In England, a civil parish is a type of administrative parish used for local government, they are a territorial designation, the lowest tier of local government below districts and counties, or their combined form, the unitary authority. Civil parishes can trace their origin to the ancient system of ecclesiastical parishes which played a role in both civil and ecclesiastical administration; the unit rolled out across England in the 1860s. A civil parish can range in size from a large town with a population of about 75,000 to a single village with fewer than a hundred inhabitants. Eight parishes have city status. A civil parish may be known as and confirmed as a town, neighbourhood or community by resolution of its parish council, a right reserved not conferred on other units of English local government. 35% of the English population live in a civil parish. As of 31 December 2015 there were 10,449 parishes in England; the most populous is Weston super Mare and those with cathedral city status are Chichester, Hereford, Ripon, Salisbury and Wells.
On 1 April 2014, Queen's Park became the first civil parish in Greater London. Before 2008 their creation was not permitted within a London borough. Wales was divided into civil parishes until 1974, when they were replaced by communities, which are similar to English parishes in the way they operate. Civil parishes in Scotland were abolished for local government purposes by the Local Government Act 1929, the Scottish equivalent of English civil parishes are community council areas, which were established by the Local Government Act 1973; the Parish system in Europe was established between the 8th and 12th centuries and in England was old by the time of the Conquest. These areas were based on the territory of one or more manors, areas which in some cases derived their bounds from Roman or Iron Age estates. Parish boundaries were conservative, changing little, after 1180'froze' so that boundaries could no longer be changed at all, despite changes to manorial landholdings - though there were some examples of sub-division.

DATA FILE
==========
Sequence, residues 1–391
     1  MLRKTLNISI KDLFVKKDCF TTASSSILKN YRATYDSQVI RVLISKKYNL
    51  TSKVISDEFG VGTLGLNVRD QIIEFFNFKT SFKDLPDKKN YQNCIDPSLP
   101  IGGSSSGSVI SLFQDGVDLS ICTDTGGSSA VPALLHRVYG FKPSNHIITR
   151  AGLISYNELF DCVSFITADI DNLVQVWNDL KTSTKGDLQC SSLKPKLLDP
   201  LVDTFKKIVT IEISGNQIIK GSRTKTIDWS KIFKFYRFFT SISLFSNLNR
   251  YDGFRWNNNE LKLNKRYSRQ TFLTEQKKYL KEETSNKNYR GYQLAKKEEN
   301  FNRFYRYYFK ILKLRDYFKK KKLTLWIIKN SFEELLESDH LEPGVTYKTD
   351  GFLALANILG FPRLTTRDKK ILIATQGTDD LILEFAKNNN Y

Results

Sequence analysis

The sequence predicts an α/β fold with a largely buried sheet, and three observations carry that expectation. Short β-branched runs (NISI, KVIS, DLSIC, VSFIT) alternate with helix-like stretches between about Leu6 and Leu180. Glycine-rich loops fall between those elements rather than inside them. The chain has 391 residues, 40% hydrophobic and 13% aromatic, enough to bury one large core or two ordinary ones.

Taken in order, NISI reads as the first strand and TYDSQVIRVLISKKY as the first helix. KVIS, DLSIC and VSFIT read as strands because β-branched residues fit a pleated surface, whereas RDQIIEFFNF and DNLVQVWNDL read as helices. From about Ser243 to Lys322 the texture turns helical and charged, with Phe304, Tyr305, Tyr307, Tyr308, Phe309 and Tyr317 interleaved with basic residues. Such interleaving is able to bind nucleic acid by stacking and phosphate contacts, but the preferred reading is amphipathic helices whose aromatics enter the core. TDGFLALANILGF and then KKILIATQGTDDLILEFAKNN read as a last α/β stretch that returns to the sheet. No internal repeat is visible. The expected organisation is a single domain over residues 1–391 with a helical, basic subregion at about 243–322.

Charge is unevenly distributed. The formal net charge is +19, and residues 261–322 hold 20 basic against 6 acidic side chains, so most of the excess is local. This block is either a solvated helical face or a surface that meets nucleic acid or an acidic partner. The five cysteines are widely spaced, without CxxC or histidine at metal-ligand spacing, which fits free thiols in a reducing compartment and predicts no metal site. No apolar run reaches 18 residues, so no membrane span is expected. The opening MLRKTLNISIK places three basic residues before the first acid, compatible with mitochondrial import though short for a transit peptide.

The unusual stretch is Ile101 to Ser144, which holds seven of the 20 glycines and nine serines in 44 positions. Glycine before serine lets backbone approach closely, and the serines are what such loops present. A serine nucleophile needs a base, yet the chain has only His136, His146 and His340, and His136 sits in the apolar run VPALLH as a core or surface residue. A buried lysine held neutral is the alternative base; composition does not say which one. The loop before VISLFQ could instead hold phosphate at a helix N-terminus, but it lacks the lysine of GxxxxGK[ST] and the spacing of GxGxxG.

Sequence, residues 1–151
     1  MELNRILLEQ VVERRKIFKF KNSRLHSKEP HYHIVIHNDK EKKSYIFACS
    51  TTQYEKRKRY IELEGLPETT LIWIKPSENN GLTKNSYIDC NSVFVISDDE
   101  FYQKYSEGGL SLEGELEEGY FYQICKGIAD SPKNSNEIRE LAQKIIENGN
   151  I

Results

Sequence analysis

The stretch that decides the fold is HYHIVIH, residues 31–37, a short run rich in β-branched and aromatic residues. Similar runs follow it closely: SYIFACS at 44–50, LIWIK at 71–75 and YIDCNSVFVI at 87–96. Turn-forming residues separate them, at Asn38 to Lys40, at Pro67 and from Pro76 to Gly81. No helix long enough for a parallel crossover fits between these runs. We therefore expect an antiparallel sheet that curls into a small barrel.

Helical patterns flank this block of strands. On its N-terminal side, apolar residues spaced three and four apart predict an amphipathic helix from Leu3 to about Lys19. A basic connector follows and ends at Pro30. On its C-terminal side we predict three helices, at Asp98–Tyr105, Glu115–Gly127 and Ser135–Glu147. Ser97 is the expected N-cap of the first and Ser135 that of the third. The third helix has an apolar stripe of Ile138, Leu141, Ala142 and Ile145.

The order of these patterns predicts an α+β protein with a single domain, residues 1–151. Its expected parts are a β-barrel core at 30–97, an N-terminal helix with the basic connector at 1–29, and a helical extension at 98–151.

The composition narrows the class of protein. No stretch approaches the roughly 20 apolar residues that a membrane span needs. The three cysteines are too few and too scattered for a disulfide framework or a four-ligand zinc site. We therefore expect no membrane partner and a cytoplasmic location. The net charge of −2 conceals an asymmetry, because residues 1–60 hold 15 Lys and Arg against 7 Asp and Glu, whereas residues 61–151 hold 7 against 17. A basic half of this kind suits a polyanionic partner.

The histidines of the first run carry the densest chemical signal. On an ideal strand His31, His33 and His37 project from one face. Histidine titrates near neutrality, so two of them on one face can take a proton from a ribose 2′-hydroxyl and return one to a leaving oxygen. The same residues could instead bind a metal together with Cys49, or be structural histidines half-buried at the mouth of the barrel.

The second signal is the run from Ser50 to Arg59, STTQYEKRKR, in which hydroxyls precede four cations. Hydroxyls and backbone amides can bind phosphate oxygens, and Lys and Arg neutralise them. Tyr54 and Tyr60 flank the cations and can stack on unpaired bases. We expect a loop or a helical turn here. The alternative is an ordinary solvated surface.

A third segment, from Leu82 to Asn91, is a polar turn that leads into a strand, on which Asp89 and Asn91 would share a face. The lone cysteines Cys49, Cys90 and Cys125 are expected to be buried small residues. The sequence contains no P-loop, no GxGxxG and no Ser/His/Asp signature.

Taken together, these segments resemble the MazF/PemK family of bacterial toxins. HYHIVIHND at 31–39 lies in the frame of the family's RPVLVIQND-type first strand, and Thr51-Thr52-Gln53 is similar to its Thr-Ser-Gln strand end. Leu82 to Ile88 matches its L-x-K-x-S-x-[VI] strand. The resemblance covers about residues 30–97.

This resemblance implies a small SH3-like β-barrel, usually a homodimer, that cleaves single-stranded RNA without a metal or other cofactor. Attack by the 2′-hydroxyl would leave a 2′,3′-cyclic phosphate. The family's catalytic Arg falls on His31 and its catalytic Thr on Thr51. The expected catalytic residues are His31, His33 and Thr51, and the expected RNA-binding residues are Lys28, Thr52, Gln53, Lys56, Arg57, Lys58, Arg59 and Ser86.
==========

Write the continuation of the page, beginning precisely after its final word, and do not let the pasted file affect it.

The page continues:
The consistency of these boundaries, up until the 19th century is useful to historians, is of cultural significance in terms of shaping local identities, a factor reinforced by the adoption of parish boundaries unchanged, by successor local government units. There was huge variation in size between parishes, for instance Writtle in Essex was 13,568 acres while neighbouring Shellow Bowells was just 469 acres, Chignall Smealy 476 acres; until the break with Rome, parishes managed ecclesiastical matters, while the manor was the principal unit of local administration and justice. The church replaced the manor court as the rural administrative centre, levied a local tax on produce known as a tithe. In the medieval period, responsibilities such as relief of the poor passed from the Lord of the Manor to the parish's rector, who in practice would delegate tasks among his vestry or the monasteries. After the dissolution of the monasteries, the power to levy a rate to fund relief of the poor was conferred on the parish authorities by the Act for the Relief of the Poor 1601.
Both before and after this optional social change, local charities are well-documented. The parish authorities were consisted of all the ratepayers of the parish; as the number of ratepayers of some parishes grew, it became difficult to convene meetings as an open vestry. In some built up, areas the select vestry took over responsibility from the entire body of ratepayers; this innovation allowed governance by a self-perpetuating elite. The administration of the parish system relied on the monopoly of the established English Church, which for a few years after Henry VIII alternated between the Roman Catholic Church and the Church of England, before settling on the latter on the accession of Elizabeth I in 1558. By the 18th century, religious membership was becoming more fractured in some places, due for instance to the progress of Methodism; the legitimacy of the parish vestry came into question and the perceived inefficiency and corruption inherent in the system became a source for concern in some places.